Now a hint of an astronomical trigger for Northern Hemisphere glaciation has turned up beneath a field of sunflowers in central Hungary: a high-frequency climatic “buzz” apparently excited by Earth's orbital wobbling. The sunflowers grow over the bottom sediments of a now-vanished lake, where Willis and her colleagues retrieved a 320,000-year climate record spanning the onset of glaciation. It is largely made up of annual layers created by minerals that precipitated out of the lake in summer, alternating with wintertime algal blooms. So far, the researchers have sampled the core at 2500-year intervals, extracting pollen whose species composition varies as the climate changes. They found an abrupt increase in pollen from plants of the cold, boreal forest that began 2.75 million years ago, the same time that marine sediment isotope records show ice sheet formation accelerating.

    The pollen also shows short warmings and coolings lasting just 5000 to 15,000 years. Such cycles, also known from other records, are shorter than any astronomical cycle, and climate researchers think some may be overtones of Milankovitch oscillations created in the climate system, like the squeaking of an overblown clarinet (Science, 14 January 1994, p. 174). In the lake record, the buzz intensifies 2.75 million years ago, when the orbital wobbling intensified. That's just when the boreal forest raced southward and the ice sheets swelled; Willis thinks the intensified buzz could have been the trigger. She suggests that the quick bursts of cold could have fostered ice buildup, while the intervening warm periods would have been too short to melt all the ice.

    Berger and others are impressed with the detailed view of climate afforded by the Hungarian lake core. “They clearly see sub-Milankovitch [climate] periodicities,” says Berger, but he says the connection between Milankovitch forcing, the climate buzz, and the onset of glaciation is not yet so clear. The answer may still lie in a closer look beneath the sunflowers.

  4. PHYSICS

    DOE to Review Nuclear Grant

    1. David Malakoff

    The U.S. Department of Energy (DOE) is reconsidering a grant that critics say will fund “cold fusion” experiments. DOE officials this week announced that a special review panel will take a fresh look at the science underpinning the $100,000 project, which proposes to test a new method of transforming radioactive waste into harmless byproducts. The restudy represents a potentially embarrassing stumble for DOE's new $19 million Nuclear Energy Research Initiative (NERI), which DOE officials pledged would use top-notch external reviewers to pick the best projects (Science, 11 December 1998, p. 1980).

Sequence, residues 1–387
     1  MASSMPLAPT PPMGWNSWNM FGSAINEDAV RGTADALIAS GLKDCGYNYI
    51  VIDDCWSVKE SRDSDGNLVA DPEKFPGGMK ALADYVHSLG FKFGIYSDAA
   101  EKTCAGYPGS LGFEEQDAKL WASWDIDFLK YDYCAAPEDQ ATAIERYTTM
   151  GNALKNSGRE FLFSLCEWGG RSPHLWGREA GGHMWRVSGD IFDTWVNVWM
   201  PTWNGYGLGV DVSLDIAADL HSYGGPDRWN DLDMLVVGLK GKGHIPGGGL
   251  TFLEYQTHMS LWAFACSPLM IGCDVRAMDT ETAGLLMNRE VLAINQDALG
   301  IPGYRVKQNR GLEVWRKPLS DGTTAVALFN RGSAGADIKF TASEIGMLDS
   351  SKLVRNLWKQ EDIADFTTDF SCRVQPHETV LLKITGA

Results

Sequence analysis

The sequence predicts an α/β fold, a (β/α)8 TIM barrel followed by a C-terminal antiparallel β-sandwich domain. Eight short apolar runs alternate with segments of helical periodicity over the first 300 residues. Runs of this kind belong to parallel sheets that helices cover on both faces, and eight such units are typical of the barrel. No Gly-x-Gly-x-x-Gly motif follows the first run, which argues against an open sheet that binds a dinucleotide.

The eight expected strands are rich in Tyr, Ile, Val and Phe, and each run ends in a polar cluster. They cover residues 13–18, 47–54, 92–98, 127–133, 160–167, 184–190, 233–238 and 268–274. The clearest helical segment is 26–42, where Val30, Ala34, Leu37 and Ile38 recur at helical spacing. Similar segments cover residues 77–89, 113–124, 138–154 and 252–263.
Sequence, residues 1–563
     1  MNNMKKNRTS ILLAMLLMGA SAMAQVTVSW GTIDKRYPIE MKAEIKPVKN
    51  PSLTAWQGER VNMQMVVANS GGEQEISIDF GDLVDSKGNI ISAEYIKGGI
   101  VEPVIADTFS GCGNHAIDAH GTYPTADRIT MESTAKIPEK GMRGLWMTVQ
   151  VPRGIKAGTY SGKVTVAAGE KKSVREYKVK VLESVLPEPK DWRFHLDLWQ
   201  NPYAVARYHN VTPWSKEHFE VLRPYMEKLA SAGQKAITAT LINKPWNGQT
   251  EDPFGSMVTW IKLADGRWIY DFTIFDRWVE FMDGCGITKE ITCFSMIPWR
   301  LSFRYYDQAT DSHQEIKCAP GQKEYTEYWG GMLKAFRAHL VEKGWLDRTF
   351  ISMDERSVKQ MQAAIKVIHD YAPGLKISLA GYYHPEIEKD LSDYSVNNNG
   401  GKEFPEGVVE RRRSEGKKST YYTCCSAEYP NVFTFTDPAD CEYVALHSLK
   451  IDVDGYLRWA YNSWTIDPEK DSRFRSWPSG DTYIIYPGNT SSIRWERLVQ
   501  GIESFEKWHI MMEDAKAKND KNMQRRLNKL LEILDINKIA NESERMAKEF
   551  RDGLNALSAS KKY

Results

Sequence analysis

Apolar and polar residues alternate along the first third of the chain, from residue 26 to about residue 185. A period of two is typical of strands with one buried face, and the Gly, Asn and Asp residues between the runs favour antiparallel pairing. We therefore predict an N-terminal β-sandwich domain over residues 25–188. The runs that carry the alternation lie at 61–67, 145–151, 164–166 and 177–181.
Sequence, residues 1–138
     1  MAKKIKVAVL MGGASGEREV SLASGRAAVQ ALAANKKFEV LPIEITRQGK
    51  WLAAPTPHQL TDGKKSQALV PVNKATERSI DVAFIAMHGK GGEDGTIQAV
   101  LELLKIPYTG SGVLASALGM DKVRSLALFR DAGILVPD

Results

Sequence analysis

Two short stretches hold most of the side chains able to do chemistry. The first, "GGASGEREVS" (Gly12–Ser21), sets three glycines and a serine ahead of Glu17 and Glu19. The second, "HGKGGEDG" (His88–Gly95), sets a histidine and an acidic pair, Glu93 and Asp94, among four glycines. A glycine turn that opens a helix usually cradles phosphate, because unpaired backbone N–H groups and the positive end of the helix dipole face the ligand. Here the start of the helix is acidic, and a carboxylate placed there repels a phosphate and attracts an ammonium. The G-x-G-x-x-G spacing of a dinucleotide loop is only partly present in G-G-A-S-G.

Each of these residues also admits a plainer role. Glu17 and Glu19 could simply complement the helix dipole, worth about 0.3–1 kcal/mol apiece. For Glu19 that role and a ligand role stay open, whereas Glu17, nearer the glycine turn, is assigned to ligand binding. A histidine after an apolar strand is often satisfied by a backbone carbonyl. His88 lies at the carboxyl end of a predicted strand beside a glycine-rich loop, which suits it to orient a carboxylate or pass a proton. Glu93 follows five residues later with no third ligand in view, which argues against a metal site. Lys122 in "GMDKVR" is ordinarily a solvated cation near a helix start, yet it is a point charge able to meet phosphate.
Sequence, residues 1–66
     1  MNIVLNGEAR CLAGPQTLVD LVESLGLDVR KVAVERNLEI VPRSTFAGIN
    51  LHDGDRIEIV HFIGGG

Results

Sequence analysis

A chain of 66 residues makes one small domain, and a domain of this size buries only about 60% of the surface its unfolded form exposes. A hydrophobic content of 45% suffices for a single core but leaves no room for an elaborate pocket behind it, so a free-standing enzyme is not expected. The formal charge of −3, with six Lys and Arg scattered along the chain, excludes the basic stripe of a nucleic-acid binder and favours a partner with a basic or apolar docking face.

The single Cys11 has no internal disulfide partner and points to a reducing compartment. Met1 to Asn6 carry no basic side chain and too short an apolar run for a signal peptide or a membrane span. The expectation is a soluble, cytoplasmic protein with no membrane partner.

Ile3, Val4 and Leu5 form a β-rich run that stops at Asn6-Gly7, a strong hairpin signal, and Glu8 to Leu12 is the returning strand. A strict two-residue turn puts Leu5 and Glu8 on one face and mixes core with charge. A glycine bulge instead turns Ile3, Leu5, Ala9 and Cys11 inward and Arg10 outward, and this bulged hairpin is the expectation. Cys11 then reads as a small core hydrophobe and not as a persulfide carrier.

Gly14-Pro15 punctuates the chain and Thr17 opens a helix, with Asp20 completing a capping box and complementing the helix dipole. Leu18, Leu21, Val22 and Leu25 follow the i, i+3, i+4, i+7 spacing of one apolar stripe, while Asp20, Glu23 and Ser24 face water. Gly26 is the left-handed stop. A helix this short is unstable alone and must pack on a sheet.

The grant, to George Miley, a nuclear engineer at the University of Illinois, Urbana-Champaign, is intended to fund tabletop experiments to test the feasibility of treating nuclear waste using low electric fields and thin metallic films to produce “low-energy nuclear reactions.” It's one of 45 awards, chosen from among 308 proposals and announced in May, for studies into everything from lightweight reactors to new radioactive waste cleanup technologies.

    In an abstract (neri.ne.doe.gov/awardlist.html), Miley noted that preliminary experiments in which nickel, palladium, and titanium films were “highly loaded with protons” and then energized with electricity had produced reactions that appeared to transmute radioactive elements into safer byproducts and produce “excess energy.” The approach, he told Science, “was motivated by a swimming electron theory,” which suggests that high electron densities on the films can aid nuclear reactions. Further trials, he wrote, were needed to nail down “this breakthrough science.” In particular, he requested funds to refine materials and to perform analyses designed to make sure the byproducts were produced by the reactions and not by accidental contamination.

    The project's apparent similarity to controversial cold fusion experiments—which have unsuccessfully sought to use electrochemical reactions to spark energy-producing nuclear fusion at room temperature—raised eyebrows both within and outside DOE. An official at DOE's Germantown, Maryland, office first raised questions about the project in early June, according to NERI program manager John Herczeg. DOE officials decided that Miley's proposal should have been handled by the agency's Office of Science, which arranged reviews of NERI's basic research proposals, and not by the Office of Nuclear Energy, which oversaw the program's engineering grants. In late June, nuclear office chief Bill Magwood asked the science office to look at the grant, for which funds had not been disbursed. That office is recruiting three reviewers, who are expected to issue their opinion next month.